Based on a true story of Lee Stroble and his best selling book of the same name, this is not only a faith-based film, but an investigation of truth and a pretty good love story to boot.
Strobel (Mike Vogel) is a reporter for the Chicago Tribune. He's happily married to Leslie (Erika Christensen), they have a young daughter and are expecting another. He's an avowed atheist and she's an agnostic, and they're ok with things the way they are. All of that changes, however when their daughter starts choking while dining at a nearby restaurant. A nurse saves her life and she tells Leslie that she believes that it was God's intervention, because she and her husband were supposed to dine at another restaurant that evening.
The woman's words stick with Leslie and she realizes she wants to find out more about God and fill a void in her life. At first she keeps the fact that she attends church services and reads her bible at home from Lee, and when he does find out about his wife's change of heart,, he gets extremely angry. He feels that their life together will forever be changed and wants his wife to stop any talk of God.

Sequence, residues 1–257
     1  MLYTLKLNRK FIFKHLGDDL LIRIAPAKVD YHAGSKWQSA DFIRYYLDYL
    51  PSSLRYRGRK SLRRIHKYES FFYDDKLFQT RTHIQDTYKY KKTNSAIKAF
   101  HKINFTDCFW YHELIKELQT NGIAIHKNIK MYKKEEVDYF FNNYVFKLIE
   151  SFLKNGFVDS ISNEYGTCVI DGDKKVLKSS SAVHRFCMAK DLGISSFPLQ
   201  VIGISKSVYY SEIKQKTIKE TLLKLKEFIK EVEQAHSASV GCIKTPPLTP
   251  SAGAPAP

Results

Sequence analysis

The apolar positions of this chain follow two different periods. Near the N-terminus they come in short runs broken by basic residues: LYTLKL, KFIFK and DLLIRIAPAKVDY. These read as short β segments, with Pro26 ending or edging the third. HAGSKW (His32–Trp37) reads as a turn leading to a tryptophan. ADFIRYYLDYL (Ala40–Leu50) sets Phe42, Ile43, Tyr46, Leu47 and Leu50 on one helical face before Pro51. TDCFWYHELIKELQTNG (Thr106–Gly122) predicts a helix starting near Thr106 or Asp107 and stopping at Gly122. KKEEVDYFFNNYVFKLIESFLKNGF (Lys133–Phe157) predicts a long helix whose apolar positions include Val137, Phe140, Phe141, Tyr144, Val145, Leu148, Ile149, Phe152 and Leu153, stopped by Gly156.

When Leslie refuses, Lee uses his reporting skills to prove that the basis of her faith is just unsubstantiated rumors. He begins an investigation into the resurrection of Christ so he can debunk his wife's new-found religion. Strobel goes about it like he would any of the cases he worked on in the past. He visits historians. religious scholars and medical doctors from all over the country. He has a small basement room where he puts all of his findings on a wall, much like we see on any mystery show where clues are gathered.
Vogel is very convincing as the skeptical husband. He has a wide range of emotions and they all ring true. Christensen is also good. She wants her marriage to work, but on the other hand, doesn't want to give up something that has become very important to her.
Directed by Jon Gurn, the film is well done and uplifting.
|A Case for Christ||B+||B+|